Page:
The theme of the conference is communication between domination and emancipation.
Communication can be viewed, analyzed and conceived of as a means or even form of domination. Communicative domination can be operationalized as control, persuasion, propaganda or influence, as well as other forms of “strategic” communication. At macrosocial levels, domination can also be viewed as hegemony.
Communicative emancipation, on the other hand, is often associated with the liberating potential of communication. The liberating potential of communication can be embodied in knowledge, truth, empathy, education, ritual and, at macrosocial levels, in democracy.
These are vast areas of human experience and of corresponding communication research. Thus, the idea of communication at the opposite ends of the spectrum sometimes may seem as having few discernible common features. The goal of the conference is to explore the various aspects of the theoretical concept and practice of communication, as well as to probe the middle ground and offer research that would shed more light on the most defining feature of humanity, community and society.
In this context, language and other communication media are especially important because they may often reflect various communicative intents or contain specific features that can be identified and related to different communicative intents, i.e., “dominational” or “emancipatory”, for example, in communication analysis.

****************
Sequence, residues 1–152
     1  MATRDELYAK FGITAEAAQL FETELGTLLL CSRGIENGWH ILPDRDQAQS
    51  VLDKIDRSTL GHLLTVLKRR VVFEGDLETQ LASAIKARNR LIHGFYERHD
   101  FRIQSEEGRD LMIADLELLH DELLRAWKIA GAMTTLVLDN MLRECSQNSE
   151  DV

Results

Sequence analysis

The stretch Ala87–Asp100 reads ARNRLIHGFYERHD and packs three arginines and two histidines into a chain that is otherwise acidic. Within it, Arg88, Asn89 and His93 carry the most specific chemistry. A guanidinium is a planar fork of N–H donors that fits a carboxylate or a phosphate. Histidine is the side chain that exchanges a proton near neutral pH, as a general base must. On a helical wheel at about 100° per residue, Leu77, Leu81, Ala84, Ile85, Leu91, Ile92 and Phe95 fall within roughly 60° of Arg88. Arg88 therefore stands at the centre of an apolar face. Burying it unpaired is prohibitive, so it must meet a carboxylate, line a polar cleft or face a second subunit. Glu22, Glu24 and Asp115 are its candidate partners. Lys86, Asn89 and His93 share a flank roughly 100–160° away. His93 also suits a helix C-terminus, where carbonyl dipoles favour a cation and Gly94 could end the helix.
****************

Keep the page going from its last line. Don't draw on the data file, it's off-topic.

Especially interesting and potentially valuable research would also be welcome in the area of identifying relationships of certain forms of domination or emancipation with forms and content of communication, at various communication levels, from interpersonal to mediated (public) communication.
The question of relationship between communication and democracy being perennial, here it would be interesting to explore the potential of either dominational or emancipatory communication in bettering democracy.
Participants are welcome to explore the main theme within different paradigms, from the functionalist and cognitive to the critical and cultural one. Papers are welcome in, but not limited to, the following communication clusters of traditional subfields and topics: 1) codes and media (semiotics, language, visual and nonverbal communication, media technologies); 2) levels and contexts (interpersonal/small group/speech/ mass communication – drama/film, journalism, public relations, advertising; social media; organizational, political and educational communication; (trans) cultural/ethnic/gender/group communication); 3) topics (surveillance, privacy, defensive and violent communication, conflict resolution and peacemaking, dialogic communication, democratic communication, mediatization); 4) communication theory and philosophy.
We invite you to submit you abstracts for this conference! Please go to the abstract/paper submission pages for instructions on and submissions of your abstracts (and papers).